What Exactly Is HDR Photography

December 6, 2014 by Joey Sikes

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Differencce Between HDR and LDR

The human eye can see and blend light and dark at once. A camera can only pick up one exposure at a time. So your photo will be dark in some areas, and bright in others. HDR Photography has been around since the days of film, but has become extremely popular in recent years. High Dynamic Range, or HDR, is essentially a way of processing photos that allows for a wider and deeper range of colors. This type of processing makes an image appear more realistic. It is closer to what the human eye sees as opposed to what your camera’s sensor allows. This is a time consuming process and therefore photographers usually charge extra for this type of service.

What is LDR?

Traditional photograhy, or regular stills is known as LDR or Low Dynamic Range because it only uses one exposure. This is how most photos are taken and with the right camera settings, it is possible to make LDR look very similar to HDR. In many cases it is hard to tell the difference between the two. Where you see the biggest difference is in texture on couches, curtains, wallpaper, and woodwork. Additionally, HDR photos tend to be less bright than LDR.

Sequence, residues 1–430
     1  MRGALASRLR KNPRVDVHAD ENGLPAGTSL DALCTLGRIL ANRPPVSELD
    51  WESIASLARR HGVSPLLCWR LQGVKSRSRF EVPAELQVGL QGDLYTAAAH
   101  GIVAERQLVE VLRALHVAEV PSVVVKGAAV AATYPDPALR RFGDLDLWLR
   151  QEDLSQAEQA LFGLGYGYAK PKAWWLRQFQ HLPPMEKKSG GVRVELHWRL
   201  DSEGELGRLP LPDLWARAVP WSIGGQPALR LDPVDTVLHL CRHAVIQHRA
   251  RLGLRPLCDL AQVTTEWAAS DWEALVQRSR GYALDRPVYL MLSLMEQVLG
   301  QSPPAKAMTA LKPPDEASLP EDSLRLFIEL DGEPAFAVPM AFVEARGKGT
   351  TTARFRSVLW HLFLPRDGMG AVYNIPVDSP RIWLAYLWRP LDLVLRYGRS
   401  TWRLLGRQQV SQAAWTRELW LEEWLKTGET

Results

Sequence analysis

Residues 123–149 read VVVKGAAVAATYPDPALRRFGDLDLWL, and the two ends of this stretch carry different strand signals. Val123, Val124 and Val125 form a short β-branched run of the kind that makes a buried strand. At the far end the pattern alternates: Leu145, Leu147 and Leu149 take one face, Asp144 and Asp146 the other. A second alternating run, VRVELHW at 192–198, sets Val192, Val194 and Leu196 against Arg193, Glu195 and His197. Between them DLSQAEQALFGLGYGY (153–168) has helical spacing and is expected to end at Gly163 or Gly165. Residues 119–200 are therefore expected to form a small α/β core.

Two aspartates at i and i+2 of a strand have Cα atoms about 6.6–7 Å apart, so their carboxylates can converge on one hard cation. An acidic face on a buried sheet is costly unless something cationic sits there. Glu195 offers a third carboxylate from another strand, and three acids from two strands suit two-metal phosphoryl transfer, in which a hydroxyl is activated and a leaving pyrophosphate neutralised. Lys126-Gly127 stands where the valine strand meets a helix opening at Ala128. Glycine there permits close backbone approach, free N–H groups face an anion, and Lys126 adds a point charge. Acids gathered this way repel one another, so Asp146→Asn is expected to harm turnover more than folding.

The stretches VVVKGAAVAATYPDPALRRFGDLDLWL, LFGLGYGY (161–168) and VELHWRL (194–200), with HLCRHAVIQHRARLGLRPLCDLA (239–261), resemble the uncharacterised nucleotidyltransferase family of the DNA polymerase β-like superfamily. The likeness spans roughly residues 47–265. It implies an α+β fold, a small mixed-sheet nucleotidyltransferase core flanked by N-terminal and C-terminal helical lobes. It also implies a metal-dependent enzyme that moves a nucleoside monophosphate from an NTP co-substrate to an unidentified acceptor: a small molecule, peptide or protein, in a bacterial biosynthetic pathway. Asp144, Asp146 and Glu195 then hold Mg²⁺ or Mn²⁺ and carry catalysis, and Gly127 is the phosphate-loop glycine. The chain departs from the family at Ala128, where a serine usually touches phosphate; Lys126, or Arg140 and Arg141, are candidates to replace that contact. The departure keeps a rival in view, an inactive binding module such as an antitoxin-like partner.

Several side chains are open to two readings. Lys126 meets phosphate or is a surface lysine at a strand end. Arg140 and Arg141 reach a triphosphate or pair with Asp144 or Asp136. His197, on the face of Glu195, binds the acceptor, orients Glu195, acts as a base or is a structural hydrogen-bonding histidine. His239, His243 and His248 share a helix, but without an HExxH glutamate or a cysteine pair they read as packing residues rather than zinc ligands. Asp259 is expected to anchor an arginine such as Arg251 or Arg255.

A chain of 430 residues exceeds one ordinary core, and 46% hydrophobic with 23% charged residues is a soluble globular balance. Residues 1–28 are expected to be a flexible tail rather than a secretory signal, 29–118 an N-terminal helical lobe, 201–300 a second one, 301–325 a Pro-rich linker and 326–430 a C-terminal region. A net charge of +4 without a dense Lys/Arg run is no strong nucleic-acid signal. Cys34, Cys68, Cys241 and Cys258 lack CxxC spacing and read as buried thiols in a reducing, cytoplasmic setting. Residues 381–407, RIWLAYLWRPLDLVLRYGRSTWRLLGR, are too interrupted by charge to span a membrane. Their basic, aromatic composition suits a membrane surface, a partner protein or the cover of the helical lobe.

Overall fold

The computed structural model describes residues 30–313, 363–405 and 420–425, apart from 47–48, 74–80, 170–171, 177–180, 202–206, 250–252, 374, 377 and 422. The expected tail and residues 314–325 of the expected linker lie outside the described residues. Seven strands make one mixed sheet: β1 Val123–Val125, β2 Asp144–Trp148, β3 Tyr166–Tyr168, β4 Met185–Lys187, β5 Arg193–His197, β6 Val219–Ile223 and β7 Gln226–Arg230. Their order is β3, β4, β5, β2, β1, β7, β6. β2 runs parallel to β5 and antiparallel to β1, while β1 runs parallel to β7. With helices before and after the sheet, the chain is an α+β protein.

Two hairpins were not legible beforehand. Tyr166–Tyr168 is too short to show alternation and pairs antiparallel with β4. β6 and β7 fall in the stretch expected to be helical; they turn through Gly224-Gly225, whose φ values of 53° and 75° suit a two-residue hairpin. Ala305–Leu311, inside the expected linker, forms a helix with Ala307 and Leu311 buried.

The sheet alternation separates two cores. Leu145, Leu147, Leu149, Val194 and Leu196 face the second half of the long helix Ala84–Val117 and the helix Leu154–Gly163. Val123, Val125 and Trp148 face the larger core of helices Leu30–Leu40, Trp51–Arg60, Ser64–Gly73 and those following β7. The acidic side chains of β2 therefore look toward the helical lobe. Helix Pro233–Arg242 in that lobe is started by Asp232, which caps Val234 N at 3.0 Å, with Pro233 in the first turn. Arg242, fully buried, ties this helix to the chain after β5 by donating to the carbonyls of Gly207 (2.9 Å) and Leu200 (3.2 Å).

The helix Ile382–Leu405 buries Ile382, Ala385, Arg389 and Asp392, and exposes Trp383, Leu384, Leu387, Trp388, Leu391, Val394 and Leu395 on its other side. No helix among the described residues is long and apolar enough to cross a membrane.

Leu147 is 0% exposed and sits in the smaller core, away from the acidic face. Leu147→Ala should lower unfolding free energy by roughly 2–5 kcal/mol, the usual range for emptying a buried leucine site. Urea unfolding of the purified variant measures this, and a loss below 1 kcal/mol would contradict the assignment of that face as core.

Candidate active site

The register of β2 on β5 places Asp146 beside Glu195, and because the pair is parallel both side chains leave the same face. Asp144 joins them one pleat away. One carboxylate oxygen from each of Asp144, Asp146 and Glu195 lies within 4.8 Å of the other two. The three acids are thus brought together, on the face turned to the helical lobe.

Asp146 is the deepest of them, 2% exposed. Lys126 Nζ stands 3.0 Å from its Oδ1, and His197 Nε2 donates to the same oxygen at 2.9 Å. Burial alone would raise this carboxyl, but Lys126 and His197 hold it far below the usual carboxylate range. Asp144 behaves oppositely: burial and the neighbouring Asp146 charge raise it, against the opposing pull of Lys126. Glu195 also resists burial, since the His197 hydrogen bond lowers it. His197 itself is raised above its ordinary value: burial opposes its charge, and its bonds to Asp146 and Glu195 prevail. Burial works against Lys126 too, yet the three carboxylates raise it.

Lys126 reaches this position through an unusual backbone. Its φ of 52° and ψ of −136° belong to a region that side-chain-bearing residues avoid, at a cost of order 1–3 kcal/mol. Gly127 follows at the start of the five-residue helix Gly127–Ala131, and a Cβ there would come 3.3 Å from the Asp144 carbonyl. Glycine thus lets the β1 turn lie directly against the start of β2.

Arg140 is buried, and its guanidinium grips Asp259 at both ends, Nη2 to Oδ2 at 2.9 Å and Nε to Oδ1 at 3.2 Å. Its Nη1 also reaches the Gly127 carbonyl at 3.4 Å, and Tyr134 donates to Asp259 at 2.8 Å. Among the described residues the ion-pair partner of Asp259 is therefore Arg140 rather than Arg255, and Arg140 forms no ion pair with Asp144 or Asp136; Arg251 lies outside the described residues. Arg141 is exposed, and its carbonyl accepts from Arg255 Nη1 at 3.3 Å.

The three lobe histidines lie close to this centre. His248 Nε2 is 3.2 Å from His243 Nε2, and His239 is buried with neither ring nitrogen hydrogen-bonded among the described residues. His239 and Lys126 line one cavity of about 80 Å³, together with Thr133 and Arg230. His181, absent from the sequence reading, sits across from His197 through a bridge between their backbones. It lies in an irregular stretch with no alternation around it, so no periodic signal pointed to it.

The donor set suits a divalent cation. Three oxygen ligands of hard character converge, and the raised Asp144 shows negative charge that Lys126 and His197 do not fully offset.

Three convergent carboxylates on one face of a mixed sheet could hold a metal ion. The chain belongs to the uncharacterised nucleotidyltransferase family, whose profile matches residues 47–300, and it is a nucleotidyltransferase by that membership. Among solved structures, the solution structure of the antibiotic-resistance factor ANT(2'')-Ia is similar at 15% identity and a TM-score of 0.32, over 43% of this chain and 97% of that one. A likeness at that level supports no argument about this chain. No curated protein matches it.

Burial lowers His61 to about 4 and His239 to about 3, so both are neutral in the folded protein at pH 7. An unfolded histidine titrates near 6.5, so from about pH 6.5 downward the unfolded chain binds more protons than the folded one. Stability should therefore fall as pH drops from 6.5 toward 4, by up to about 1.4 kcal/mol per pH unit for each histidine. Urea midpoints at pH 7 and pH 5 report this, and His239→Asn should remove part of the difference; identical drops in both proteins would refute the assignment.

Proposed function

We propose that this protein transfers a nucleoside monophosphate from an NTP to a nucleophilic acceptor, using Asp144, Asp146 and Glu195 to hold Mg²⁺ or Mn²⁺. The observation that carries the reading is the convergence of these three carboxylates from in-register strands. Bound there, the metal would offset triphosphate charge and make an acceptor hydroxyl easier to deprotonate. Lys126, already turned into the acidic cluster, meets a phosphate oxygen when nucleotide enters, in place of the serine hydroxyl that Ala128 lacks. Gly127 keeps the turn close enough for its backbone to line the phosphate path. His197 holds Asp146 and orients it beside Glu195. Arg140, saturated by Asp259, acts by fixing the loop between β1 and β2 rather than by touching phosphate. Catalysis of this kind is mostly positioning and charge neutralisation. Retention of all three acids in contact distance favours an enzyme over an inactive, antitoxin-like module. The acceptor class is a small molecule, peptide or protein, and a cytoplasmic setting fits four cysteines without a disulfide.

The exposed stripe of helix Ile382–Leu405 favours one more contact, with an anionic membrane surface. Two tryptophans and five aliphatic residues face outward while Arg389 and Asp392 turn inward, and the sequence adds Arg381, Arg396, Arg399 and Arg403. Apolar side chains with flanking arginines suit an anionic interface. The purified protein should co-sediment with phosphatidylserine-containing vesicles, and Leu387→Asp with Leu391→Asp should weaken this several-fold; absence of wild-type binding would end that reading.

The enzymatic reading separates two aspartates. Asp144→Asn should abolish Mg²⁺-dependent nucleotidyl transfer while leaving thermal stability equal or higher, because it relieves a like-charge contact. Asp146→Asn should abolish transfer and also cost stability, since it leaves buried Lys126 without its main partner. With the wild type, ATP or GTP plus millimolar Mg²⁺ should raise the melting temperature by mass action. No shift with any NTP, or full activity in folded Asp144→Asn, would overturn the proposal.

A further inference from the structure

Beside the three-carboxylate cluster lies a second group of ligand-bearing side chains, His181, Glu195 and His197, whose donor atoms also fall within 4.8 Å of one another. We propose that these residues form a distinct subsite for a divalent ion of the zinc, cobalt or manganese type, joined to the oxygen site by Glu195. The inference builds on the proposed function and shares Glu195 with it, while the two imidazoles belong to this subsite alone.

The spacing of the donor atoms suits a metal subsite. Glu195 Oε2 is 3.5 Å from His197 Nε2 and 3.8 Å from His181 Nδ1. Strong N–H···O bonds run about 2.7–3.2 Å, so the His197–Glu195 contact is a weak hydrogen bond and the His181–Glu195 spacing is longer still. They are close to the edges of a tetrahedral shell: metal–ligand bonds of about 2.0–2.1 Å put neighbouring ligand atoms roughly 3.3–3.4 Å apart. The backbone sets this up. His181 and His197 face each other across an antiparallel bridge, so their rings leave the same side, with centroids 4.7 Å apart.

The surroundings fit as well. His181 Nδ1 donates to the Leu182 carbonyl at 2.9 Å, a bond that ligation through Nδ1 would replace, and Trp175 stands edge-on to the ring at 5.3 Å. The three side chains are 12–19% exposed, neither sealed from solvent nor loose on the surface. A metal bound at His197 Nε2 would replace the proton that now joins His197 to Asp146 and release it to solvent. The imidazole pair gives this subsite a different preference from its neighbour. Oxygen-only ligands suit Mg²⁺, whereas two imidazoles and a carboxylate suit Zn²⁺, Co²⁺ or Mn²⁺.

What is HDR

It makes colors brighter and more vibrant. Imagine a regular photo uses a 16 box of crayons and a HDR photo uses a 64 box of crayons. How many more shades of a color can you create with the larger box? The challenge with HDR is leveling out the vibrancy to avoid the crayon or melted look. This is caused by the photographers technique when shooting. Some photographers have the ability to do HDR well and some do not. For example, you may know how to play golf, but whether you win or lose really depends on your technique.

When You Should Think About HDR

1) When the room lighting is uneven (bright windows, dark corners).
2) When the home has a lot of details such as textured walls or wallpaper.
3) When there is a lot of contrasting colors (The modern metro style homes).

When You Should Not Use HDR

1) Homes that are dirty, dated or in need of repair.
2) Vacant homes because they do not have a lot of contrast.
3) Homes that have all neutral colors (variations of brown with no primary colors (reds, blue green, etc).

HDR tends to bring out the imperfections in a room. Miscolored paint, carpet stains, dirty walls will all stand out in an HDR photo. In a regular photo they will not. Additionally if there is no color contrasts to emphasize, HDR will look the same as traditional photography or LDR.


  1. CosPhotos says:

    Please view the photogallery so you can see a side by side difference in HDR vs Traditional or LDR photography.

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